Willamette grant allows Dylan Angell to pursue his passion for space
Willamette students participated in a wide array of internships and research projects this summer. This story is one of several in the works to highlight their experiences.
As a kid, Dylan Angell ’14 gazed up at the stars and dreamed — of learning more about what he saw, of someday working for the space program, of becoming one of the lucky few to travel outside the Earth’s atmosphere.
While he’s still a long way from becoming an aerospace engineer or an astronaut, the Willamette University undergraduate is already contributing to his future field, thanks to opportunities he never imagined as he stared at those twinkling dots in the sky.
This summer, a Willamette research grant allowed him to study a star that no other scientist has examined in 15 years. He’s using a camera mounted on a telescope — located at Willamette’s research forest — to collect data that could provide greater insight into why stars pulsate in different ways.
“When you’re sitting in a physics class, the professor tells you what we already know and the results,” Angell says. “Even in lab courses, you’re often given an experiment where you know the answer before you start.
“The coolest thing about my research project is that I have no idea what’s going to happen. I’m seeing and finding out things that no one else out there knows.”
Examining the Stars
Angell came to Willamette from Everett, Wash., thinking he wanted to pursue the university’s 3-2 engineering program. But he found himself drawn more to the physics side of engineering, and chose to major in that instead.
“I like understanding how things work, and physics shows you really cool things about the world around you,” he says.
After space, Angell’s other major interest is much closer to Earth. He declared a second major in archaeology, a choice that took him to Athens, Greece, for a semester of study; and to two archaeological digs, one in Bulgaria and the other in Scotland.
In physics, he developed a mentor in Professor Rick Watkins, who specializes in astrophysics and cosmology.
Several years ago, a donation from Willamette graduate Rick Baumann ’70 allowed Watkins to install an observatory at Willamette’s Zena Forest. He and his students have been using the 11-inch telescope to study variable stars.
“When you play a musical instrument, it vibrates at several frequencies. The note that you hear is called the fundamental, but you’re also hearing the harmonics of that fundamental,” Watkins says. “You would expect pulsating stars to pulsate in all the modes that they have, the fundamental and the harmonics. But most stars only pulsate in one or two modes.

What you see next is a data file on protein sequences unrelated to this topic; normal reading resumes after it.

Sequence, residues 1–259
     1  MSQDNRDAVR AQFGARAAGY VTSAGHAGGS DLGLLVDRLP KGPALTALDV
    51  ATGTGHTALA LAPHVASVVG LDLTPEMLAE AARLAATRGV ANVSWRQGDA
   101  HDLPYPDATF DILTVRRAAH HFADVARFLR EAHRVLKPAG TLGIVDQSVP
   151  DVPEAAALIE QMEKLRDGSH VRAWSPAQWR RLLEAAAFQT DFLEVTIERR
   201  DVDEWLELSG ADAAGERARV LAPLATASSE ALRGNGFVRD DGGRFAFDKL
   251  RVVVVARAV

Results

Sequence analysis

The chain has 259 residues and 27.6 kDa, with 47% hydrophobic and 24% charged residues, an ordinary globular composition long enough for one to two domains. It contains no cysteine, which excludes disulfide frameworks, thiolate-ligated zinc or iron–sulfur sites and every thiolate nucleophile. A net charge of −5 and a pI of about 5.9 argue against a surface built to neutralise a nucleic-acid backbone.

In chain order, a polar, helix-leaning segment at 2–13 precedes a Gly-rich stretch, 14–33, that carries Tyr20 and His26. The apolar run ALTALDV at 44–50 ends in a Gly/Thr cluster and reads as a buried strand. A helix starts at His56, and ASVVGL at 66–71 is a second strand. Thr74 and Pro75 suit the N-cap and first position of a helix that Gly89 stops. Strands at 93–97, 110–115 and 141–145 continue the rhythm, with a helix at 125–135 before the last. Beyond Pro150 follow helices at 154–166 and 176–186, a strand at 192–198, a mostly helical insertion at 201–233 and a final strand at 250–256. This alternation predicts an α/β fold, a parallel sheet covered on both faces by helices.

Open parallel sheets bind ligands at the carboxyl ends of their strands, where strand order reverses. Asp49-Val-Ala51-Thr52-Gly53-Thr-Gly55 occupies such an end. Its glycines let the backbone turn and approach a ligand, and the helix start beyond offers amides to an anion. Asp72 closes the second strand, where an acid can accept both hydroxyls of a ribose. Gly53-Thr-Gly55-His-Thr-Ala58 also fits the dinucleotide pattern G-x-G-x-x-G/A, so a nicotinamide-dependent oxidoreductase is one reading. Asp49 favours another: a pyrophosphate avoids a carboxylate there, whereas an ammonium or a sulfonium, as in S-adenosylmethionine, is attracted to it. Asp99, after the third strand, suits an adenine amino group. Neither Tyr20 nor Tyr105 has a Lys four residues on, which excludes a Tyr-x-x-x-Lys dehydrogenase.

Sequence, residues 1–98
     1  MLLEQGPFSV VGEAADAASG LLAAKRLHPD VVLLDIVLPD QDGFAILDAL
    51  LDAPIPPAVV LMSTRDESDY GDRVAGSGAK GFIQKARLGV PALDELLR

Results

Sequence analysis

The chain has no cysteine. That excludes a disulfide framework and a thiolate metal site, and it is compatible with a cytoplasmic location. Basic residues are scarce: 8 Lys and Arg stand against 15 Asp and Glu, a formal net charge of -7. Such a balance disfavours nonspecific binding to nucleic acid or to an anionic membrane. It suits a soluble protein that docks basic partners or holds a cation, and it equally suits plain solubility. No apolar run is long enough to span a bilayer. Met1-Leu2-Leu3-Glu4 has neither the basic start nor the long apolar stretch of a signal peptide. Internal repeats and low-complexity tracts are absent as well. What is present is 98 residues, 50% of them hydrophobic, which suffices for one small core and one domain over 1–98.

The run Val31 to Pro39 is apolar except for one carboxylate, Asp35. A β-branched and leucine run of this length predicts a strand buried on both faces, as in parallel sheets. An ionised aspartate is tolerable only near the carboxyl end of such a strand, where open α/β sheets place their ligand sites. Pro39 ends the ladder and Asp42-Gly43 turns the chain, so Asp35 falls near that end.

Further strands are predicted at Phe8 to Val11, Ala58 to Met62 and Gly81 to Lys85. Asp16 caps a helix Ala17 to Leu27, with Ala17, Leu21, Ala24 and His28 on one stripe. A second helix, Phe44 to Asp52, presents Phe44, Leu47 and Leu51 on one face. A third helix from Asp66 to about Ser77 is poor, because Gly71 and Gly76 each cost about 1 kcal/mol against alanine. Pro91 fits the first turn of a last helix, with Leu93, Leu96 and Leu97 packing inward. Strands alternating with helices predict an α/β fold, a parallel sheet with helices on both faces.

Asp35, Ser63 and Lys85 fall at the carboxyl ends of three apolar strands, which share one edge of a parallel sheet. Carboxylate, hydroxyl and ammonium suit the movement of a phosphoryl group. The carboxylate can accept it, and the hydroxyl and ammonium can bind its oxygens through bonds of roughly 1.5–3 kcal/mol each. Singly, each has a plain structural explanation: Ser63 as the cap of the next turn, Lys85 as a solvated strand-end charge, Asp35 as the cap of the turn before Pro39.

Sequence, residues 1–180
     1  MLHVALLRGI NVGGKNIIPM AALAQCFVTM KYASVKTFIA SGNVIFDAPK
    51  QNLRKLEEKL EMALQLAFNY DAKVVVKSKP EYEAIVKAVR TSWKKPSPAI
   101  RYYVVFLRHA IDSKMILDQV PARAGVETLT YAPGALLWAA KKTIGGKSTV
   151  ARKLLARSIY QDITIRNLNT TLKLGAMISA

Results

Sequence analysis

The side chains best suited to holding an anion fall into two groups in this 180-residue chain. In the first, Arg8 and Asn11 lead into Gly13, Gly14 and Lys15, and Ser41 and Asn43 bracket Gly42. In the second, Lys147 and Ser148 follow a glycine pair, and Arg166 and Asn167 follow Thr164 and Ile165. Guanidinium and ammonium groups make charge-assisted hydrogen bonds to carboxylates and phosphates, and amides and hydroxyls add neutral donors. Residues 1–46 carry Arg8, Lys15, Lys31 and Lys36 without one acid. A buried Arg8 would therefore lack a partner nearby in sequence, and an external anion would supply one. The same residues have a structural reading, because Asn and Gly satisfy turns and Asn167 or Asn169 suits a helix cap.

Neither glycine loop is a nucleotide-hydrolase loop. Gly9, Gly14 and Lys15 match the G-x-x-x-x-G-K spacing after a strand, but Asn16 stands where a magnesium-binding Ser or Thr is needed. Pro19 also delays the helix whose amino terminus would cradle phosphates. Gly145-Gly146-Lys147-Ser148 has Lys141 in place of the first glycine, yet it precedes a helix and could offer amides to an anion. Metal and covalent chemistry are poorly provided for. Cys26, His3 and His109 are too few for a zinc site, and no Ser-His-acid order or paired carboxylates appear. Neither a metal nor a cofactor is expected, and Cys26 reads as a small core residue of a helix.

“We only know about five stars in the galaxy that pulsate in three modes. Dylan is studying one of those. We’re trying to understand why there are so few triple-mode pulsators, and what makes these stars different from those that pulsate in one or two modes.”
Skills for the Future
Angell’s examination of that triple-mode pulsator, V829 Aquila, was funded by a Carson Undergraduate Research Grant and an additional donation from Baumann.
The last time this star was examined was 1998. It was part of a larger study of many stars, and those researchers only took one picture of V829 Aquila a day.
But using the observatory at Zena, Angell is taking 200 images of the star during each of the two dozen nights he plans to photograph. By having so many more images, he can better track how the star’s brightness fluctuates in the course of a night — and hopefully draw more specific conclusions about why it acts as it does.
Watkins says the project gave Angell a good introduction to research techniques that he will use again in the future.
“This work lets him apply what he’s been learning in the classroom to the research environment,” he says.
Angell plans to study astrophysics in grad school after Willamette — and continue pursuing that dream he first imagined when he was young.
“I feel lucky to have gotten to do this research project because it’s new and it follows my passion for stars and space, and that’s really exciting.”
Carson Undergraduate Research Grants provide up to $3,000 for students to undertake summer independent scholarly, creative or professional research projects in any academic field.
The 13 students who earned grants this summer have projects ranging from examining feminist student activism in Egypt, to studying a software program that “improvises” jazz music, to writing a play about Robert and Clara Schumann.